We did a prospective cohort study in a large population of primary care patients from version 19 of the QResearch database (www.qresearch.org). This is a large, validated primary care electronic database containing the health records of 11 million patients registered with 551 general practices using the Egton Medical Information System (EMIS) computer system. Practices and patients contained on the database are nationally representative for England and Wales and similar to those on other large national primary care databases using other clinical software systems.23
We included all QResearch practices in England and Wales once they had been using their current EMIS system for at least a year, so as to ensure completeness of recording of morbidity and prescribing data. We randomly allocated two thirds of practices to the derivation dataset and the remaining third to the validation dataset; we used the simple random sampling utility in Stata to assign practices to the derivation or validation cohort.
We identified an open cohort of patients aged 25-79 years at the study entry date, drawn from patients registered with eligible practices during the 15 years between 1 January 1993 and 31 March 2008. We used an open cohort design, rather than a closed cohort design, as this allows patients to enter the population throughout the whole study period rather than requiring registration on a fixed date; our cohort should thus reflect the realities of routine clinical practice. We excluded patients with a prior recorded diagnosis of diabetes (type 1 or 2), temporary residents, patients with interrupted periods of registration with the practice, and those who did not have a valid postcode related Townsend deprivation score (about 4% of the population).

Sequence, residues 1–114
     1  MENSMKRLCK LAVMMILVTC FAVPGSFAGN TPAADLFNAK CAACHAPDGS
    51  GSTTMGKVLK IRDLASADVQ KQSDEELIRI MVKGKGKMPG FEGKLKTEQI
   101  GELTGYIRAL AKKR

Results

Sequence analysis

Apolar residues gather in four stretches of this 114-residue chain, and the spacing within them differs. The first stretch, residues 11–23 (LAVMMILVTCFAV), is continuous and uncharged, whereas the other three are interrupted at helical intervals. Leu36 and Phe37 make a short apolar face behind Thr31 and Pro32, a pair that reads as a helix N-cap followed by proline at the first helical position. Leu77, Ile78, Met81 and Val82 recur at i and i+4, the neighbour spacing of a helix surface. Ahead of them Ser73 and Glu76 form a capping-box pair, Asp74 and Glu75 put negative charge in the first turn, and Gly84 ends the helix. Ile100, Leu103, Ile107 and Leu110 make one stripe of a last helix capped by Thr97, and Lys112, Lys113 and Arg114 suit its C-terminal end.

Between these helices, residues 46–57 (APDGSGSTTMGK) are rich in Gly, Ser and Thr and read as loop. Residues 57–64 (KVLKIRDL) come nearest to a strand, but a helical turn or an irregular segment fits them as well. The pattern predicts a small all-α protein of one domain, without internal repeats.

For each patient, we determined an entry date to the cohort, which was the latest of their 25th birthday, their date of registration with the practice, the date on which the practice computer system was installed plus one year, and the beginning of the study period (1 January 1993). We included patients in the analysis once they had a minimum of one year’s complete data in their medical record.24 For each patient, we determined the right censor date, which was the earliest of the date of diagnosis of type 2 diabetes, date of death, date of deregistration with the practice, date of last upload of computerised data, or the study end date (31 March 2008).
Our primary outcome measure was the first (incident) diagnosis of type 2 diabetes mellitus as recorded on the general practice computer records. We identified patients with diabetes by searching the electronic health record for a diagnosis Read code for diabetes (C10%). As in other studies, we classified patients as having type 1 diabetes if they had a diagnosis of diabetes and had been prescribed insulin under the age of 35 and classified the remaining patients as having type 2 diabetes.25
We examined the following variables for inclusion in our analysis, all of which are known or thought to affect risk of developing diabetes,16 17 18 19 26 27 28 29 and are also likely to be recorded in the patients’ electronic records as part of routine clinical practice: self assigned ethnicity (nine categories); age at study entry (in single years); body mass index (continuous); smoking status (current smoker, not a current smoker); Townsend deprivation score (2001 census data evaluated at output areas as a continuous variable) ranging from −6 in the most affluent to 11 in the most deprived; recorded family history of diabetes in a first degree relative (binary variable yes/no); diagnosis of cardiovascular disease at baseline (binary variable yes/no); treated hypertension at baseline—that is, diagnosis of hypertension plus more than two prescriptions for antihypertensive drugs (binary variable yes/no); systemic corticosteroids at baseline—that is, at least two prescriptions within the preceding six months (binary variable yes/no).